For centuries China was a leading civilization, outpacing the rest of the world in the arts and sciences, but in the 19th and early 20th centuries, the country was beset by civil unrest, major famines, military defeats, and foreign occupation. After World War II, the Communists under Chairman Mao Zedong’s leadership overcame the Chinese Nationalists and instituted an autocratic socialist (communist) system. This system assured China’s sovereignty, imposed strict controls over everyday life, and resulted in the loss of millions of lives.
Under Chairman Mao’s leadership the People’s Republic of China made phenomenonal progress. In fact, there was such progress that the evangelical leader Donald Grey Barnhouse, editor of Eternity, a Christian national magazine, named Mao as “the man of the year” in 1958.
Chairman Mao led in the elimination of millions in his country as he worked to create a new nation and a pliable, compliant population. Hitler was not the worst villain in the 20th century. There were others – Mao Zedong and Joseph Stalin being probably the two worst in the last century. I bring this up merely to point out that the government of China does not value human life. It has easily and still today easily disposes of inconvenient human elements. This is what we see unfolding in China and tragically the rest of the world in this crisis originating in Wuhan.
Wuhan is another very important university and scientific studies center in China but far different than Lanzhou. Wuhan is the home of the Key Laboratory of Special Pathogens and Biosafety, Wuhan Institute of Virology, Chinese Academy of Sciences. This is the only Biosafety Level 4 (BSL-4) lab in China. This is the highest level of biosafety precautions that are appropriate for work with agents easily aerosol-transmitted that can cause severe to fatal disease in human or other animals.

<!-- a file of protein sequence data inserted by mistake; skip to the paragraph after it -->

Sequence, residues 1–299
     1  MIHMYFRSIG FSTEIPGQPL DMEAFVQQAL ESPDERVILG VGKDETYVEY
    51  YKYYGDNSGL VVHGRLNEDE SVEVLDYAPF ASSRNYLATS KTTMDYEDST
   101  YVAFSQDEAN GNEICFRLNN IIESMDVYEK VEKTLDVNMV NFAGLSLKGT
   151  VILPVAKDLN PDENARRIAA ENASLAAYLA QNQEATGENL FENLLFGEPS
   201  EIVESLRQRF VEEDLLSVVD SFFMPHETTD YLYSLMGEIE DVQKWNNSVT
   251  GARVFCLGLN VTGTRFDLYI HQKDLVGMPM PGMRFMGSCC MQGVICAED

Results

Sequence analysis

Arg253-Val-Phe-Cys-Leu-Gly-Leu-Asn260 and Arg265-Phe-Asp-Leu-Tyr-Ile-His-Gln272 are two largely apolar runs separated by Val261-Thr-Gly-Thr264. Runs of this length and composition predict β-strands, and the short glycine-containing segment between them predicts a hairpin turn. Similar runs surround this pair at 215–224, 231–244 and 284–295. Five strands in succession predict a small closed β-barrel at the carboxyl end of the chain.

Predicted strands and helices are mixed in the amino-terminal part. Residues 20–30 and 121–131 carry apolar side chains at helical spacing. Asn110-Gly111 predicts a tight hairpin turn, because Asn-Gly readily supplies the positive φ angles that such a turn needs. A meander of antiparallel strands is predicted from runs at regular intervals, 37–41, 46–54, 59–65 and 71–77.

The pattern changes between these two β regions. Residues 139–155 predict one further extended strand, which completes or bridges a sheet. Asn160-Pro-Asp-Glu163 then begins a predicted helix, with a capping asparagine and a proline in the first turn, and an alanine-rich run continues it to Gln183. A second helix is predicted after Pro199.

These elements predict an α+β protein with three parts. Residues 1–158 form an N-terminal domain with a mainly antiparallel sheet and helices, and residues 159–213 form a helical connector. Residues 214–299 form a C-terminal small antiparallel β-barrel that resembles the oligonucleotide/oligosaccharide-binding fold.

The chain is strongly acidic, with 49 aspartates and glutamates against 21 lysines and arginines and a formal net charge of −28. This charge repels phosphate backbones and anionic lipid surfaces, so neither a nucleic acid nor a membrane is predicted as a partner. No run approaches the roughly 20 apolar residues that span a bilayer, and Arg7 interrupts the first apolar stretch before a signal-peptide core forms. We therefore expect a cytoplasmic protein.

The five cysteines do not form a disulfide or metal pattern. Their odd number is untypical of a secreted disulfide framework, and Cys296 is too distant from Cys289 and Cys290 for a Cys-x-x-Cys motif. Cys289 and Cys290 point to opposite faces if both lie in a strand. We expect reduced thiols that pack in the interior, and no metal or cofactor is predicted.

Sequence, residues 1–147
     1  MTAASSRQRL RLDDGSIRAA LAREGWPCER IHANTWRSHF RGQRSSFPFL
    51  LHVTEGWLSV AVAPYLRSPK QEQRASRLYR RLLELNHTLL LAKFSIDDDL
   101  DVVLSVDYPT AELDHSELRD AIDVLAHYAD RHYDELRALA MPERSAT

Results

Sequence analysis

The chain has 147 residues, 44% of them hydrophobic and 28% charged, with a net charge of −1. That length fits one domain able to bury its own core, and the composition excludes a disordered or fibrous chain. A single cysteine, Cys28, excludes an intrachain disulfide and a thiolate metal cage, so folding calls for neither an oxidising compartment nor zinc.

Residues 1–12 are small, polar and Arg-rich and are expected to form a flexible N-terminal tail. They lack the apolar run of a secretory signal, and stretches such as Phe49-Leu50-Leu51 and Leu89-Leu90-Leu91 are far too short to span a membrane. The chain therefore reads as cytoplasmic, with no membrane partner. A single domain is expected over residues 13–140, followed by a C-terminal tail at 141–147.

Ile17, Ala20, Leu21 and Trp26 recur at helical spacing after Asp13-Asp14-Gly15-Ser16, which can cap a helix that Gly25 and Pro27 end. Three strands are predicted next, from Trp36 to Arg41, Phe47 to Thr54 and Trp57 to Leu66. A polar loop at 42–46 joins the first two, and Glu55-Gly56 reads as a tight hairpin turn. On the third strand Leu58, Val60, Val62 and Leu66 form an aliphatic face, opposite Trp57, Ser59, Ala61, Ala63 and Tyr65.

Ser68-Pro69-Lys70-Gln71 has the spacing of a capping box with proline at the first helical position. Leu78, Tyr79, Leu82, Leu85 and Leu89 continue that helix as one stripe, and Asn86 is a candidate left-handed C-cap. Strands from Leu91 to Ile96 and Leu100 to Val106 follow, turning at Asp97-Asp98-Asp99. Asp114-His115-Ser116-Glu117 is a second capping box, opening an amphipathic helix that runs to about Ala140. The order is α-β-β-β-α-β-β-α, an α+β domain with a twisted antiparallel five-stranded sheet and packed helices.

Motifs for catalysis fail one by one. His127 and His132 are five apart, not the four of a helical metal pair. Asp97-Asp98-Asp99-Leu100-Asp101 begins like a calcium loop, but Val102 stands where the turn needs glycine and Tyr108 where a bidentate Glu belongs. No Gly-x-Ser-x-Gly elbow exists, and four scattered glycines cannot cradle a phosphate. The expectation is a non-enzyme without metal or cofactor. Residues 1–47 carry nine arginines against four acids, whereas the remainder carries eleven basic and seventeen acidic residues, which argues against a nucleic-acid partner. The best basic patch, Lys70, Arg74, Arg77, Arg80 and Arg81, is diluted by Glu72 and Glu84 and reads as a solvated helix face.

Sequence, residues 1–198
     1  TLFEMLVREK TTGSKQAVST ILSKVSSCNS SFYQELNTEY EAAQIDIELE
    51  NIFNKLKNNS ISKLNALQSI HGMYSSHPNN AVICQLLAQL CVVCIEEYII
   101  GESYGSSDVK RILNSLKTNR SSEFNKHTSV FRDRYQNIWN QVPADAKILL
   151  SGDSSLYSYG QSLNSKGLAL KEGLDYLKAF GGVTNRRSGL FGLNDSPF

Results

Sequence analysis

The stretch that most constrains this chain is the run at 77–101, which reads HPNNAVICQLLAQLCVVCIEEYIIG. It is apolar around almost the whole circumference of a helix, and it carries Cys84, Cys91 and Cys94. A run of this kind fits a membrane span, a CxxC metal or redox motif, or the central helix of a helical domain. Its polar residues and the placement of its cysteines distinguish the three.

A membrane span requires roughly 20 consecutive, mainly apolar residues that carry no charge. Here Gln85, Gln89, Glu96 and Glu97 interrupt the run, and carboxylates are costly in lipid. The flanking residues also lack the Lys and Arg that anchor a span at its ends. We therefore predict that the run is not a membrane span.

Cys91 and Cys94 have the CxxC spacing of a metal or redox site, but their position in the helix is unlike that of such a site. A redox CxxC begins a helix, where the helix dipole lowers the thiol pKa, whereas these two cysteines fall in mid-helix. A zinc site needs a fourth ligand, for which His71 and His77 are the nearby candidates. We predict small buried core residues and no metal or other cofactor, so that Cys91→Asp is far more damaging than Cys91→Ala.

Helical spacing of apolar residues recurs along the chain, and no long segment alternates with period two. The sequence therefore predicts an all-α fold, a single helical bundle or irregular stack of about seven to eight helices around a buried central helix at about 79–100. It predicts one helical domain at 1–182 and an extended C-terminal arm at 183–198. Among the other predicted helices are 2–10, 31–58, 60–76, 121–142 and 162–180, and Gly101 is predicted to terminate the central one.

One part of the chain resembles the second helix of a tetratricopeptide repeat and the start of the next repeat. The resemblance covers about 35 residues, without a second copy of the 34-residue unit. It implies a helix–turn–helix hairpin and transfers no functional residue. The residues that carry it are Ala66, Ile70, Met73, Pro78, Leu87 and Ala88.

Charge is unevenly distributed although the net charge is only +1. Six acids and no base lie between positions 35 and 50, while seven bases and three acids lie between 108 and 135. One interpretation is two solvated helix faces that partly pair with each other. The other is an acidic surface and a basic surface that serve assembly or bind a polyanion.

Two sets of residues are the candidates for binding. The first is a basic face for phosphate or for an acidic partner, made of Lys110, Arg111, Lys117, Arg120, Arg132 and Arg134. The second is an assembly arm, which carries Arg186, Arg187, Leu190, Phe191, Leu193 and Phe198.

These caustic agents have no vaccines or treatments that can bring relief or healing. In these facilities the workers must have protective-suits and filtering systems to assure the workers are prevented from infections and lethal complications. The Wuhan facility was obviously handling the most dangerous and deadly bio-agents. This lab had been warned in 2017 that there was concern a deadly virus could escape and that more rigid precautions should be instituted.
In November of 2019 there was the release (accidental or intentional) of a virus that has killed thousands and will likely take more thousands over the next few months. Covid-19 is a Frankenstein of a virus created by human science.
An early version of this virus was created at the University of North Carolina at Chapel Hill. A report was published in November 2015 highlighting what these scientists from China, Switzerland and the United States created. An important connection in this is Dr. Zheng-Li Shi who works in the Wuhan BSL-4 laboratory on coronaviruses. Dr. Shi and other scientists working in the North Carolina lab learned how to engineer the genetic coding inside viruses, inserting SARS, HIV and MERS proteins making them even more deadly and untreatable.
This new virus is an enhanced version of the original creation back in 2015 that was reported in the scholarly paper.
Our “community conversation” continues as we face the virus crisis during these critical times. We need to share together accurate information and we need to use good common sense in our relationships and participation activities.